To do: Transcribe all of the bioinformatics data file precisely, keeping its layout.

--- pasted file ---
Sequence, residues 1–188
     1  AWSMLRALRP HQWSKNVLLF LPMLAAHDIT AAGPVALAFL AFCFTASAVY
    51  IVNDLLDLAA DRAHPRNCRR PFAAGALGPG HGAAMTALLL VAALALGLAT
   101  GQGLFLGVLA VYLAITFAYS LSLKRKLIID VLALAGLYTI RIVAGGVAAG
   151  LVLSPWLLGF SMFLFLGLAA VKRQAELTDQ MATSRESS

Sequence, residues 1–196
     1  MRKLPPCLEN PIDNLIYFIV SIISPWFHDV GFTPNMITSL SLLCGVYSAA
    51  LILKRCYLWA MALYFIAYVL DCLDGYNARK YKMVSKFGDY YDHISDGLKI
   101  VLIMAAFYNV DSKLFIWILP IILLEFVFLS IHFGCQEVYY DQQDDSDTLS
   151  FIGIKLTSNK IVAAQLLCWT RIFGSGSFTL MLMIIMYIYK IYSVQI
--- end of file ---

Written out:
Sequence, residues 1–188
     1  AWSMLRALRP HQWSKNVLLF LPMLAAHDIT AAGPVALAFL AFCFTASAVY
    51  IVNDLLDLAA DRAHPRNCRR PFAAGALGPG HGAAMTALLL VAALALGLAT
   101  GQGLFLGVLA VYLAITFAYS LSLKRKLIID VLALAGLYTI RIVAGGVAAG
   151  LVLSPWLLGF SMFLFLGLAA VKRQAELTDQ MATSRESS

Sequence, residues 1–196
     1  MRKLPPCLEN PIDNLIYFIV SIISPWFHDV GFTPNMITSL SLLCGVYSAA
    51  LILKRCYLWA MALYFIAYVL DCLDGYNARK YKMVSKFGDY YDHISDGLKI
   101  VLIMAAFYNV DSKLFIWILP IILLEFVFLS IHFGCQEVYY DQQDDSDTLS
   151  FIGIKLTSNK IVAAQLLCWT RIFGSGSFTL MLMIIMYIYK IYSVQI